Chameleons: The true magicians of the African bush
Chameleons are a distinctive and highly specialized clade of old world lizards with around 202 different species occurring around the world. Currently, there are 19 species formally described in South Africa, around 80% of these are endemic to South Africa. There are 17 species of dwarf chameleons and 2 species of typical chameleons.
The species of chameleon we find and have around Jabulani lodge and on Kapama are Flap Neck Chameleons (Chameleo dilepis) the largest chameleon in Southern Africa and the most common.
Now chameleons are really cool little animals, from their eyes to their tails and all the way to their skin which is where the real “magic” happens. Chameleons are truly apex predators of the reptile world in more ways than one.
- The eyes: Chameleons have a distinctive visual system that enables them to see their environment in almost 360 degrees (180 degrees horizontally and +/-90 degrees vertically). They do this in two ways. The first is with anatomical specializations that enable the eyes to rotate with a high degree of freedom. The second is the chameleon’s ability to transition between monocular and binocular vision, meaning they can view objects with either eye independently, or with both eyes together.
- The tongue: Chameleon tongues are extremely fast and long. They can be anywhere from one to 11/2 times the body length of the owner and can rocket in and out with blinding speed. A 51/2″ tongue reaches full extension in 1/16th of a second, which is fast enough to snatch a fly in midair. The tongue consists of three primary components: The sticky tip, the retractor muscles and the accelerator muscles. (musculus accelerator linguae). When at rest, the whole assembly sits at the bottom of the mouth, the base placed down in the throat behind the head. Before striking, the lizard moves it toward the front of the mouth and muscles raise the hyoid bone above the lower jaw. After aiming with the entire head, the chameleon is ready to fire. The tip of the tongue resembles a club. Covered with sticky saliva, it’s abrasive surface also grips, High-speed photographs of the tongue in flight reveal a flap of skin trailing the head of the club. The flaps wrap partially around the prey on impact. Wet worms or slugs, however, frustrate the system because the saliva won’t adhere to their slimy surface. The tongue can pull in about half of the chameleon’s body weight. Because speed is less important for reeling in prey than catching it, the retractors don’t exhibit the speed of the accelerator muscles. Most of the time the tongue collapses and recoils on the way back, like a strand of spaghetti being sucked in.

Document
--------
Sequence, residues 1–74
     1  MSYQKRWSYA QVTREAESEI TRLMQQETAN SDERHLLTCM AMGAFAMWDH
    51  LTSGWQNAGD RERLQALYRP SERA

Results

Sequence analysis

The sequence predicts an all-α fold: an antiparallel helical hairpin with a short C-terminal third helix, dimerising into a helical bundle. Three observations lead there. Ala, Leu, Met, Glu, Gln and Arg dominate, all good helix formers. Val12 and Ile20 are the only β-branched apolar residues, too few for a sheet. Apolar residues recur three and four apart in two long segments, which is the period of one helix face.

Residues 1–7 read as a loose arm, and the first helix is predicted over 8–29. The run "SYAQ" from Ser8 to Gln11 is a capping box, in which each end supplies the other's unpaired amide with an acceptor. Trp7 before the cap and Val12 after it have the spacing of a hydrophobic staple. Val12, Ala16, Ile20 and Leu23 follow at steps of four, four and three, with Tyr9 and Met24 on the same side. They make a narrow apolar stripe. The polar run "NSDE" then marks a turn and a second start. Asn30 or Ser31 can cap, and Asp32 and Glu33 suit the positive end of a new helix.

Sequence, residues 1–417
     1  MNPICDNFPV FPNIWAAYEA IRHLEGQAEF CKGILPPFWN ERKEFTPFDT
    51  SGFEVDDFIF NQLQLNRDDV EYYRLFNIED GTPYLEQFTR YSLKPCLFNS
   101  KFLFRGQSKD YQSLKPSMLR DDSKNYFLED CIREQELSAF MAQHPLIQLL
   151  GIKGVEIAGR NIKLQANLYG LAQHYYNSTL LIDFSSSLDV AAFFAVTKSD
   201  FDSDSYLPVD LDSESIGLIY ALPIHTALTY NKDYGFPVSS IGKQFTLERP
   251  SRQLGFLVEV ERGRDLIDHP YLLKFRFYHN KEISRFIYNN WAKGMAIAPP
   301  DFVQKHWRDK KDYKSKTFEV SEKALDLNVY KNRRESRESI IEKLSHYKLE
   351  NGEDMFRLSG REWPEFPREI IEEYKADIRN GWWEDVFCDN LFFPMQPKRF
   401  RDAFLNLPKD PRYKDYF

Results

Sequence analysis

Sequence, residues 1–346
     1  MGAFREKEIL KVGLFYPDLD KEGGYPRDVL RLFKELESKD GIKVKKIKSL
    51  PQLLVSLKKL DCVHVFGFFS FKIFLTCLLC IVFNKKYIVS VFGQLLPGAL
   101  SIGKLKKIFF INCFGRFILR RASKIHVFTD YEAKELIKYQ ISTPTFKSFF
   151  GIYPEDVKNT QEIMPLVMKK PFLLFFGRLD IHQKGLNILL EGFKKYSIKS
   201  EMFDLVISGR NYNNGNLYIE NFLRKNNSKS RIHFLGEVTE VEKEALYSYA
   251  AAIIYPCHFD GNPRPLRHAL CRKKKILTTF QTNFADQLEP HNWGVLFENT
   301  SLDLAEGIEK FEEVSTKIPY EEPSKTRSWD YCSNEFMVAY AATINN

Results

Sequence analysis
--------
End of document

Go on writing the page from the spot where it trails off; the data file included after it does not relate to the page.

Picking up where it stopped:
- The skin: The skin of the chameleon has to be the coolest aspect about them, giving them the ability to change colour at will. Not all chameleons can change their skin colour completely, many chameleon species are able to vary their colouration and pattern through combinations of pink, blue, red, orange, green, black, brown, light blue, yellow, turquoise, and purple. The way they achieve this is through a superficial layer which contains pigments, and under the layer are cells with guanine crystals. Chameleons change colour by changing the space between the guanine crystals, which changes the wavelength of light reflected off the crystals which changes the colour of the skin.For a long time, it was thought that chameleons change colour by dispersion of pigment-containing organelles within their skin. However, research conducted in 2014 on panther chameleons has shown that pigment movement only represents part of the mechanism.
Chameleons have two superimposed layers within their skin that control their colour and thermoregulation. The top layer contains a lattice of guanine nanocrystals, and by exciting this lattice the spacing between the nanocrystals can be manipulated, which in turn affects which wavelengths of light are reflected and which are absorbed. Exciting the lattice increases the distance between the nanocrystals, and the skin reflects longer wavelengths of light. Thus, in a relaxed state the crystals reflect blue and green, but in an excited state the longer wavelengths such as yellow, orange, green, and red are reflected.
The skin of a chameleon also contains some yellow pigments, which combined with the blue reflected by a relaxed crystal lattice results in the characteristic green colour which is common of many chameleons in their relaxed state.
Which is why when we typically find chameleons in the bush they will be a light to dark colouration of green.
Now when it comes to chameleons many have believed that colouration change was due to camouflage, allowing them to blend in to an environment to evade predators but that has also proven to be a different story, chameleons actually use the ability to display moods and feelings, particularly when it comes to stress, anger, excitement and also thermoregulation.
These are but merely a small amount of fun interesting facts about chameleons, hopefully enough to keep you interested to learn more about these fascinating creatures.